Mark Hampton, "Sarasota School" architect, dies at 91

Mark Hampton, left, Tim Seibert and Gene Leedy, right, at  gathering in Sarasota in 2001. Herald-Tribune archive.

Mark Hampton, left, Tim Seibert and Gene Leedy, right, at gathering in Sarasota in 2001. Herald-Tribune archive.

Mark Hampton, a member of the group of midcentury modern architects known as the "Sarasota School," died Saturday at his home in Coconut Grove. He was 91.

Hampton practiced in Tampa and later Miami.

He is one of the original "Sarasota School" architects, having worked in Ralph Twitchell and Paul Rudolph's firm in 1951 before opening a Tampa office in 1952.

Among his notable projects in Sarasota County were Venice Middle School (1957) and McIntosh Middle School (1962).

He was a fellow of the American Institute of Architects.

"He was one of the original good gang," said retired architect Edward J. "Tim" Seibert, a contemporary of Hampton. "He was a good designer and always a pleasant guy to have around. If someone said, 'Mark is in town, let's have lunch with him,' I would get right on it."

In Tampa, he designed the One Davis Boulevard office building, a Galloway's Furniture store and two buildings at the University of South Florida, along with several modernist residences. The 1963 Horizon House in Tampa won an award from a trade association that represented concrete manufacturers.

In Miami, he redesigned a storage building into the Wolfsonian-FIU Museum, and also did the open-air Bal Harbour Shops, north of Miami Beach, in 1965 with Herbert H. Johnson & Assoc. Hampton also designed the Neiman-Marcus there, in 1971. The mall is lush with palm trees, fountains, koi ponds and other devices that blend interior and exterior spaces and add to the shopping experience by enhancing the sense of place.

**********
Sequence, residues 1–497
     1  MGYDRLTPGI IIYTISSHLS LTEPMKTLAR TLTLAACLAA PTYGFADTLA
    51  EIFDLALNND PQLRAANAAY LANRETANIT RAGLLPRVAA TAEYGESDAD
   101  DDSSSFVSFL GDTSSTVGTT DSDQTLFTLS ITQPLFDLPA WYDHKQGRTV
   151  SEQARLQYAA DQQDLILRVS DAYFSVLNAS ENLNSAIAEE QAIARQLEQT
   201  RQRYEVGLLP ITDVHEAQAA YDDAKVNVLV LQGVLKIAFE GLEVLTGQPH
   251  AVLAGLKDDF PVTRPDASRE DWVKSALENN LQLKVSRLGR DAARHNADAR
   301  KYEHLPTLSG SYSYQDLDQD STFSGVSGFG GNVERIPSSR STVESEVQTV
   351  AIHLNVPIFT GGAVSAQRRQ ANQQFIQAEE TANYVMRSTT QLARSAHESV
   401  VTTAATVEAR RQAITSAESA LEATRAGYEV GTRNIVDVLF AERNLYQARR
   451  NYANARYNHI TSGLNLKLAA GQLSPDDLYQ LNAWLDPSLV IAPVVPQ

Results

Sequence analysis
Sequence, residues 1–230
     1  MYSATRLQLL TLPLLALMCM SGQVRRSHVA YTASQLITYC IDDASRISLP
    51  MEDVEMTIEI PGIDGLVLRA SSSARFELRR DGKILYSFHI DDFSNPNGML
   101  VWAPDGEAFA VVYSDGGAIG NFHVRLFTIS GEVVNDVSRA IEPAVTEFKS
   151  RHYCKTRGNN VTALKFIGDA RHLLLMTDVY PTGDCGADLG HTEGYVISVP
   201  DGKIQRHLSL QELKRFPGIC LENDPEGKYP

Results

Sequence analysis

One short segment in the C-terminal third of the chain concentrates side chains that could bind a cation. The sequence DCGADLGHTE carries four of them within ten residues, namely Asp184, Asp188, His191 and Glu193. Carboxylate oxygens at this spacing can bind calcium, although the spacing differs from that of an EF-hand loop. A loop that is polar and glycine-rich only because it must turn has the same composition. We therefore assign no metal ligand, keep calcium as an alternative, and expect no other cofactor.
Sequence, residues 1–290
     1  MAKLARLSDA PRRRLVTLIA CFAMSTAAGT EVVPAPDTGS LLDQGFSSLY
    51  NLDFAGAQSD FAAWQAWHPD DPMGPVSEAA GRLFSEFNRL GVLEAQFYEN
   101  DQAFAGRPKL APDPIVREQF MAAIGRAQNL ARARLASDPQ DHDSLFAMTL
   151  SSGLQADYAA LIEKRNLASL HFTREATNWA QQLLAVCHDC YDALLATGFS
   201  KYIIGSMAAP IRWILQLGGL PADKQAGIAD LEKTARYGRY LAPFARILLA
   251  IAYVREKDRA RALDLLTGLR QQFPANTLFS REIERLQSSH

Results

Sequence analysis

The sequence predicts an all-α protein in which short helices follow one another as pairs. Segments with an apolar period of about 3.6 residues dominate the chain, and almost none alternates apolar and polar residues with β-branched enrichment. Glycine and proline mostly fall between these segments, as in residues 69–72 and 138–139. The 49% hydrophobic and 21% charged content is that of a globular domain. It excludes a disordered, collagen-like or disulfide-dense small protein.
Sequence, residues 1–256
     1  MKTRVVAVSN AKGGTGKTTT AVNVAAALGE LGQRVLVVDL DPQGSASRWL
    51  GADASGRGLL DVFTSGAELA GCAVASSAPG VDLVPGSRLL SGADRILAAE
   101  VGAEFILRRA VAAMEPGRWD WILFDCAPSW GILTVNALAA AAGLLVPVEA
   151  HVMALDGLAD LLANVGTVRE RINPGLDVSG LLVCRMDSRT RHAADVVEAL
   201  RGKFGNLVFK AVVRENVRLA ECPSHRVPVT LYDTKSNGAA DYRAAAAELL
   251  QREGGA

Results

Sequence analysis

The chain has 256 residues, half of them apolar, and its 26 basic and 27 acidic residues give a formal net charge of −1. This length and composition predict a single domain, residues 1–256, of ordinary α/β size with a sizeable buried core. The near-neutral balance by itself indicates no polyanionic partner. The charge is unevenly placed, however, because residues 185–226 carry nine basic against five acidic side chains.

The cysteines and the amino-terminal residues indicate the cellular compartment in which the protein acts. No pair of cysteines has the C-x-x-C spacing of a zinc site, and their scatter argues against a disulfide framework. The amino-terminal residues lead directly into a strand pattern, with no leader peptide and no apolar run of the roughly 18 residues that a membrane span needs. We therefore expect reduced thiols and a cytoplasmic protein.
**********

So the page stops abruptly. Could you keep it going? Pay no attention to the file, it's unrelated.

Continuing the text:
At the time of his death, Hampton was consulting with the mall's ownership on the construction of a 250,000-square-foot addition.

View a YouTube video of the mall by clicking here.

The Jordan Residence in Lake Wales is another Hampton-designed residence of note.

Early in his career, he was a go-between who coordinated work on in-development projects after Rudolph split with Twitchell.


Harold Bubil

Recipient of the 2015 Bob Graham Architectural Awareness Award from the American Institute of Architects/Florida-Caribbean, Harold Bubil is real estate editor of the Herald-Tribune Media Group. Born in Newport, R.I., his family moved to Sarasota in 1958. Harold graduated from Sarasota High School in 1970 and the University of Florida in 1974 with a degree in journalism. For the Herald-Tribune, he writes and edits stories about residential real estate, architecture, green building and local development history. He also is a photographer and public speaker. Contact him via email, or at (941) 361-4805.
Last modified: March 3, 2015
All rights reserved. This copyrighted material may not be published without permissions. Links are encouraged.